“I don’t remember how many different designations we saw used in our examinations but it was well, well into the double digits,” Goodman said. “The more impressive sounding the designation and the less tied it was to actual education or accomplishments – the more problems we saw associated with the people that use them.”

Goodman said the SEC uses senior designations to target “particular registered reps for examinations.”

“There’s nothing in-and-of-itself wrong with using a senior designation, but when they start to really exaggerate what it means to have that credential, that’s got a huge correlation with problematic behavior,” he said.

Meanwhile, FINRA’s senior hotline has received 1,700 calls since it got instituted back in April. And, according to Ann-Marie Mason, director and counsel in the litigation and policy unit of the Regulatory Operations Department of FINRA, a number of those calls question a brokers designations.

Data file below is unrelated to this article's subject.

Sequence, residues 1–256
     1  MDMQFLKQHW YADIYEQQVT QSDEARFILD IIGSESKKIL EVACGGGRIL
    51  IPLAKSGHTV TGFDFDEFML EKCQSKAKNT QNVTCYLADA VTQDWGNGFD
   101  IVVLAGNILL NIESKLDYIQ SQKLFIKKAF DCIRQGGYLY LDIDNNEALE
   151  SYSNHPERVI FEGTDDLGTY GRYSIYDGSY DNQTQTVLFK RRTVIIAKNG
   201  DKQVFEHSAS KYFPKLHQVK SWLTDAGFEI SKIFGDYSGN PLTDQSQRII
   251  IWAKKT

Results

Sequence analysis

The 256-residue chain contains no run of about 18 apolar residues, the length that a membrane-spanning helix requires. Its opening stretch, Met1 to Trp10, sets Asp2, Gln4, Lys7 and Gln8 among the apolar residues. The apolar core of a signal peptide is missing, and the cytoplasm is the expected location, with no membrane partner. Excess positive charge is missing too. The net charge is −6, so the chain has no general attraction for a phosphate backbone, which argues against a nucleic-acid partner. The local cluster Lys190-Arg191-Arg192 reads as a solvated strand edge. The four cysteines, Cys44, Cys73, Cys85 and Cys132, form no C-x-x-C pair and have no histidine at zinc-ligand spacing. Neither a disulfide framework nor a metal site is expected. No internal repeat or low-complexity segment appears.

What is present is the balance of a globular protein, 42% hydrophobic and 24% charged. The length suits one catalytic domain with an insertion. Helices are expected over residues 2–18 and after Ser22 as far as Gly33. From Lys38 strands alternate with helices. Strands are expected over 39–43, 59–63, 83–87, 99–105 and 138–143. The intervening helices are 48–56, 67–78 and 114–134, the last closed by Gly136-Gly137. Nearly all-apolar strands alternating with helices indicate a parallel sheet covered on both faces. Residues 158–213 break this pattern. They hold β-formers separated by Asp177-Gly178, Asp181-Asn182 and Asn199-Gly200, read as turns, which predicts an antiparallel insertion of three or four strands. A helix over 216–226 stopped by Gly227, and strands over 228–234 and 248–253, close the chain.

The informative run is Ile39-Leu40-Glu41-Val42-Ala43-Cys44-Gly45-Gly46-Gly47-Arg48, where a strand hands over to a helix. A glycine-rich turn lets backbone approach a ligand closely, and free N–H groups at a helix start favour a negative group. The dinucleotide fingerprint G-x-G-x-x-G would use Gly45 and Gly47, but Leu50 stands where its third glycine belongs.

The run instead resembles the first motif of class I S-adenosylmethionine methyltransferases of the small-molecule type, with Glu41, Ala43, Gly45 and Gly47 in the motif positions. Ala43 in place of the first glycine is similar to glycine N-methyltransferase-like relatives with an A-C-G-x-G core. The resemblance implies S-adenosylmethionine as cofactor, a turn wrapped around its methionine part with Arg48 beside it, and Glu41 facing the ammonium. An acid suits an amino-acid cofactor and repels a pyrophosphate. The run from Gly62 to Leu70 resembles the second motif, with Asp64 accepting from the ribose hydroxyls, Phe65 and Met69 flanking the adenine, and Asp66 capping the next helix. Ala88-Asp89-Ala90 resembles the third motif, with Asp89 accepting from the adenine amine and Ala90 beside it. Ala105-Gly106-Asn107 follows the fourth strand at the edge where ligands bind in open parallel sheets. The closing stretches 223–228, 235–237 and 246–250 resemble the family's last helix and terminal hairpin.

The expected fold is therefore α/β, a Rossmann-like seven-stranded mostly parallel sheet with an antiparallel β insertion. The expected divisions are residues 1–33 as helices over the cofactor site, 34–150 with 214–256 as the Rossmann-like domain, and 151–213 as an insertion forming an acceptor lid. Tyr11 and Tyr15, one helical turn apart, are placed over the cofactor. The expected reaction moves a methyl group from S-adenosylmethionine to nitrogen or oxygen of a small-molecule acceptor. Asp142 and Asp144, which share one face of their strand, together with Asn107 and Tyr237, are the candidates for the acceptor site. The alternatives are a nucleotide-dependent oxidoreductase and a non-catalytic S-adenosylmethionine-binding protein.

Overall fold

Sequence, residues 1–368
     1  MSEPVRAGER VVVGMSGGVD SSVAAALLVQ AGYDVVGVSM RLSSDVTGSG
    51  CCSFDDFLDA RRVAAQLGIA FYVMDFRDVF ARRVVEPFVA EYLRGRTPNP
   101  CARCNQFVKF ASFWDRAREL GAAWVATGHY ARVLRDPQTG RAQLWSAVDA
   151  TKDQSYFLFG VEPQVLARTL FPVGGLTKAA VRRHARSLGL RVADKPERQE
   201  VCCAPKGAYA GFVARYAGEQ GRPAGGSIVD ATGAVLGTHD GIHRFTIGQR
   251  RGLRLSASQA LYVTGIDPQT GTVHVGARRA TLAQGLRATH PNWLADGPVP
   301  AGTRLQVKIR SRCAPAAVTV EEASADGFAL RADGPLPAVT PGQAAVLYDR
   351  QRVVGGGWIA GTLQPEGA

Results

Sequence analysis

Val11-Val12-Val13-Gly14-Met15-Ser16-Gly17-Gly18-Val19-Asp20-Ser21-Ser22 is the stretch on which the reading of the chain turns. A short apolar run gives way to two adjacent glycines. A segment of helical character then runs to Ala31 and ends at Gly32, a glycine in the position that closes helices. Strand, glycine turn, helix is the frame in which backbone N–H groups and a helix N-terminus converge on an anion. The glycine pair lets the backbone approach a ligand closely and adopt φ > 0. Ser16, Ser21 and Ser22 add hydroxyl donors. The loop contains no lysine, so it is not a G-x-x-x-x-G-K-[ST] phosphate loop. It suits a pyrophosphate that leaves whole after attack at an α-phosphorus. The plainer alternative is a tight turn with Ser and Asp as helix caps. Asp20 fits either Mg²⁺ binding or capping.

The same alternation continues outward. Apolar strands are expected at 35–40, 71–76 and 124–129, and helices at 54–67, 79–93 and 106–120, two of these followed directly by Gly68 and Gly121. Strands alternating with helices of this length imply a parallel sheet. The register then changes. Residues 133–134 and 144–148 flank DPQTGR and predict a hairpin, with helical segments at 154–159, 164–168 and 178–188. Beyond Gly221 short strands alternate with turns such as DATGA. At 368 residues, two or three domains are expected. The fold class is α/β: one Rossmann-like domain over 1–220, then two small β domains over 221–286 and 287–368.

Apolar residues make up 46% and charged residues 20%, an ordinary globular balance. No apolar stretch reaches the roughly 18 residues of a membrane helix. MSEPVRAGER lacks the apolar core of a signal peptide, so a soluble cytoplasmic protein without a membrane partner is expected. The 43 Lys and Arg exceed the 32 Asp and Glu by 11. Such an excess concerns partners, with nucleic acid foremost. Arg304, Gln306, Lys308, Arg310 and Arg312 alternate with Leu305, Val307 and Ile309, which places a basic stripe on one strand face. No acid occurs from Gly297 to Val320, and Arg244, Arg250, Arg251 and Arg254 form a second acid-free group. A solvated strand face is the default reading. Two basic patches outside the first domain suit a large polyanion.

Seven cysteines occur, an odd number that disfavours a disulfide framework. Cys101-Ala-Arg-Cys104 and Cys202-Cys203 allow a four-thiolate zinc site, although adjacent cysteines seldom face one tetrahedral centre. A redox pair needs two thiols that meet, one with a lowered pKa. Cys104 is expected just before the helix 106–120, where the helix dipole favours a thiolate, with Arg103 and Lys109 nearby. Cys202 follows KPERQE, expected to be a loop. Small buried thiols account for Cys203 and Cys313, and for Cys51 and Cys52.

“A large number of those calls are centered around, ‘This is what my broker told me. These are the designations he or she has, how can I find out if my broker has a nick on his record?’” Mason said. “I think one of our focuses will be – and has been and will continue to be – the use of senior designations. Just being informed by these 1700 calls, folks don’t understand it. They don’t’ understand what it means. There’s no common nomenclature. There’s no common educational requirements surrounding any of these things so I think it will continue to be a focus for FINRA.”

In 2008, NASAA adopted a rule on the use of senior-specific certifications or designations, and according to BORG, most states have passed a rule to that effect.

“For example, when we do find [a certification that has no basis], that is going to trigger a regulatory inquiry and chances are a bar from the industry – a suspension or a bar or some trigger,” Borg said. “I will say that our experience in the questionable certifications or designations has been a lot more in the smaller broker areas or the IA sector or the unlicensed sector.”

Borg believes the problem still exists and will continue to because it is used as way to distinguish oneself against the competition from a senior investor’s perspective.